One You - Stress Less

What is stress?

Stress is the feeling of being under too much mental or emotional pressure. People have different ways of reacting to stress, so a situation that feels stressful to one person might not be to someone else.

Many of life’s demands can cause stress, particularly work, relationships and family problems.  Stress can affect how you feel, think, behave and how your body works.  Common signs of stress include sleeping problems sweating, loss of appetite and difficulty concentrating.  It can make you feel irritable and low and you may have racing thoughts, worry constantly or go over things in your head. You may notice that you lose your temper more easily, drink more or act unreasonably.

Stress can also cause physical problems such as headaches, muscle tension or pain and dizziness.    

Managing stress in daily life

Stress is not an illness itself, but it can lead to problems such as high blood pressure or poor mental health.  This is can be made worse when someone tries to cope with stress by drinking or smoking or over eating comfort foods.    Spotting the early signs of stress will help prevent it getting worse and potentially causing serious complications.

Often there is little you can do to prevent the causes of stress, but there are many things you can do to manage it more effectively, such as learning  how to relax and taking regular exercise.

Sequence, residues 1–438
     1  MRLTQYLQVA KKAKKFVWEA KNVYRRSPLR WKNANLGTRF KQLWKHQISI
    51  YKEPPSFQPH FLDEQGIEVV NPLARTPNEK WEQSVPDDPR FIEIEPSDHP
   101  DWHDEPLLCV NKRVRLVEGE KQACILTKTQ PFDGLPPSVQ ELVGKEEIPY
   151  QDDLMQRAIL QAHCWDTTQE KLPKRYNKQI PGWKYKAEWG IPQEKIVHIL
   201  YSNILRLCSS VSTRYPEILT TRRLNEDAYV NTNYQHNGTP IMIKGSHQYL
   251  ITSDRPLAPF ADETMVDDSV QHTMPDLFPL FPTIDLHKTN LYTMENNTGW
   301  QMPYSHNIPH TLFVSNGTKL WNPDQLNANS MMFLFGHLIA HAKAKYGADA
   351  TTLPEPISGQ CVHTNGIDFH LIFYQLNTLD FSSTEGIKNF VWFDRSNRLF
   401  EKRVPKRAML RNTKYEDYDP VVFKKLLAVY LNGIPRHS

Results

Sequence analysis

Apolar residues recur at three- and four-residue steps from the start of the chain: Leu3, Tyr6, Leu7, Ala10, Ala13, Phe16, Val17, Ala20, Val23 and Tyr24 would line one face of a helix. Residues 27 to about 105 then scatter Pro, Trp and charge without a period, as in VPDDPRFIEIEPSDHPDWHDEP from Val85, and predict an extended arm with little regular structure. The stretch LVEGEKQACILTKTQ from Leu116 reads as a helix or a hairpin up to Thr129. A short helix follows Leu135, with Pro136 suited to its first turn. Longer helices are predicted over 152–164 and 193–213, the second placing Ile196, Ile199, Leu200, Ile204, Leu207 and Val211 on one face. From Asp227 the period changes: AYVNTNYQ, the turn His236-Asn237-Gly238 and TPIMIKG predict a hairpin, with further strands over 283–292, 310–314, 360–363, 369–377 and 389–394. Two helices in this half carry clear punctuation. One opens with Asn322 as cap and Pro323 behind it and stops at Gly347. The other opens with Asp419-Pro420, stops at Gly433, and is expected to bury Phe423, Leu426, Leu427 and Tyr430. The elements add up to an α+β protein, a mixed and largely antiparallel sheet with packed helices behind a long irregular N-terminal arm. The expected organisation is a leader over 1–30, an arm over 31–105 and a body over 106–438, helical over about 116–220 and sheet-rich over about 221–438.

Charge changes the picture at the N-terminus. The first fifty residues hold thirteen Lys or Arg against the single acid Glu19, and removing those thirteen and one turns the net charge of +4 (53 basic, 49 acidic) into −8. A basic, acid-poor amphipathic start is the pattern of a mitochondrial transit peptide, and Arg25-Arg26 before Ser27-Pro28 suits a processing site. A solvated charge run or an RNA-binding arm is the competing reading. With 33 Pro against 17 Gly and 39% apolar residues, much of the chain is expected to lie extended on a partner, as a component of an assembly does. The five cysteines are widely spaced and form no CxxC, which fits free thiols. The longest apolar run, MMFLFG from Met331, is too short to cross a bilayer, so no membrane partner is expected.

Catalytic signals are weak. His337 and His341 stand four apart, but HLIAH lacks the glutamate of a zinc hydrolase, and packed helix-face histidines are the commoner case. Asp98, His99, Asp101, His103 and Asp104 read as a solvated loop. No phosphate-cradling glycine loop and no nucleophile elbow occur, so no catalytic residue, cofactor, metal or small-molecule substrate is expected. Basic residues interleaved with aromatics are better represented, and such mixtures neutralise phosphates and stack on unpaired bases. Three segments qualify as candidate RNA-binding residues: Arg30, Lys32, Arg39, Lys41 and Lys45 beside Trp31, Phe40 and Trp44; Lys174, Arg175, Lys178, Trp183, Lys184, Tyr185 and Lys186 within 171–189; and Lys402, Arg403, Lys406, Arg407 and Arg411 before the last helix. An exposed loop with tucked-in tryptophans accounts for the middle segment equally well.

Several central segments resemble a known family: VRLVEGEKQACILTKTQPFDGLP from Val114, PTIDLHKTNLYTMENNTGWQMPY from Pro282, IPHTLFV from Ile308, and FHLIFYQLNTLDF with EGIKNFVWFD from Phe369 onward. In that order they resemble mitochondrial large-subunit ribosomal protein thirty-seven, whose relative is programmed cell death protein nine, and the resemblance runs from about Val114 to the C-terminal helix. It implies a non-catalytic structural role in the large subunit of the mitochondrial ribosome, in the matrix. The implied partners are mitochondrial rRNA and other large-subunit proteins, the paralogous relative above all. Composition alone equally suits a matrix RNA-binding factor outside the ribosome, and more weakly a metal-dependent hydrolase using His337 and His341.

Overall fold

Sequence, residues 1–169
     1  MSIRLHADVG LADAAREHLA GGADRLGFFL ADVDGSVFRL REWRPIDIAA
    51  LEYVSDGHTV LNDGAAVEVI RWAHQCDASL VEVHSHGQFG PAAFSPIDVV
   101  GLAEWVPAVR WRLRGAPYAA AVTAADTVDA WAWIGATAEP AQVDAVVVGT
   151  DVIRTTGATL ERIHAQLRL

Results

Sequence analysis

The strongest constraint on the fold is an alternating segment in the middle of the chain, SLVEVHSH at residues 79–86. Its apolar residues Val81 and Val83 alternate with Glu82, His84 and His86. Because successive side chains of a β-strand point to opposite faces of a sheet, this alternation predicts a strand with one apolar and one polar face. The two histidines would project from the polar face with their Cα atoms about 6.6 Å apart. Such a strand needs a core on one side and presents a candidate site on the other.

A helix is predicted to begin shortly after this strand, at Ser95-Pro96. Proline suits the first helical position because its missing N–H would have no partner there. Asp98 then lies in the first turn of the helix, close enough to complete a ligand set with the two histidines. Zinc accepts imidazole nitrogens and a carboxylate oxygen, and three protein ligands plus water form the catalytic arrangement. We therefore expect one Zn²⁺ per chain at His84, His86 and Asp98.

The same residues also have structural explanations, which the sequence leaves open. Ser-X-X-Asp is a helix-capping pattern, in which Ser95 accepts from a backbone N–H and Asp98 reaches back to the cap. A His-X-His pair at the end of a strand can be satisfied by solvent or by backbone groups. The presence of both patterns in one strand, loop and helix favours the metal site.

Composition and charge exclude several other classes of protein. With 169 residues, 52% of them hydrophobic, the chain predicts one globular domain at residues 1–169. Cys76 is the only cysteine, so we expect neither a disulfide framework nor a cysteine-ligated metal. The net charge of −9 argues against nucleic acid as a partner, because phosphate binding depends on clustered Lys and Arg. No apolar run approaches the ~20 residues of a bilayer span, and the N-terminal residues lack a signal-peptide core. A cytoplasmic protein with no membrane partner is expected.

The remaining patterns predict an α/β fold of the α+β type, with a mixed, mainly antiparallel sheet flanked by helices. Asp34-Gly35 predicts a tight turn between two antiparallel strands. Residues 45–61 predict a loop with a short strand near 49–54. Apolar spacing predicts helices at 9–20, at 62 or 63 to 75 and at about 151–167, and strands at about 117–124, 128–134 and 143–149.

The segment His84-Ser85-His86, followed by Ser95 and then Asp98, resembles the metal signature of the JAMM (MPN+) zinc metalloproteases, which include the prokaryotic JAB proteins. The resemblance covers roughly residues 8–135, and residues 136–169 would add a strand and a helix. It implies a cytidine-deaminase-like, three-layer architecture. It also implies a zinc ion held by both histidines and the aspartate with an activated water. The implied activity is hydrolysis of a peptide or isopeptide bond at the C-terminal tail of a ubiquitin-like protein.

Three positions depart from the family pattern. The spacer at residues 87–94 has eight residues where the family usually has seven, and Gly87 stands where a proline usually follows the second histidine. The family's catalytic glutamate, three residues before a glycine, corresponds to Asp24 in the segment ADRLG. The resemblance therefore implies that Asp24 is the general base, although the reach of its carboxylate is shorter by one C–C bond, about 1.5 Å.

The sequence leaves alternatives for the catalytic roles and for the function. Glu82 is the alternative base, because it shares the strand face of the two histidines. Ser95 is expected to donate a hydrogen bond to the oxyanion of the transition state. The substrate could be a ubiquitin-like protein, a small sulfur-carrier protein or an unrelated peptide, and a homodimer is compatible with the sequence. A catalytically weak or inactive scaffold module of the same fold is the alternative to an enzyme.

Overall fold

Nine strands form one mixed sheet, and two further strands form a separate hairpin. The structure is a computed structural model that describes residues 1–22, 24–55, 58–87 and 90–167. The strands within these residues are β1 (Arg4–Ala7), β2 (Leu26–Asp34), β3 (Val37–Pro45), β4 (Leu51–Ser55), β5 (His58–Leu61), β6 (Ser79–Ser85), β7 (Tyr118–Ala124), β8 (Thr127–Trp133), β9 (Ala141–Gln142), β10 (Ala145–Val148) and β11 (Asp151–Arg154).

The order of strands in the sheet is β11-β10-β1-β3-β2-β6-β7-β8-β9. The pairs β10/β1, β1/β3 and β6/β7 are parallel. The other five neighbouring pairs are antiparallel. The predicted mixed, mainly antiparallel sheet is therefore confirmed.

Studies have found that mindfulness courses, where participants are taught simple meditations across a series of weeks, can also help to reduce stress and improve mood.

When to see your GP about your stress levels

If you've tried self-help techniques and they aren't working, you should go to see your GP. They may suggest other coping techniques for you to try or recommend some form of counselling or support.  If your stress is causing serious health problems, such as high blood pressure, you may need to take medication or further tests.

Further information and advice

Support and information is available on the NHS Choices website.  This includes dealing with stress at work  and when you have money problems.  There are tips on how to deal with and avoid stress through trying to relax and taking regular exercise.  You may also find the 10 stress busters helpful. 

See also:-

National Charity MIND How to Manage Stress

The Men’s Health Forum   ‘Everyman’s Guide to mental Wellbeing – The Stress Busting Man Manual’

Local support and help

The Wellbeing College offers course and activities to help reduce stress

The local talking therapies service provides free support if you are stressed or feeling down.

The BANES Council website provides links to other sources of help if you are experiencing mental health problems or emotional worries

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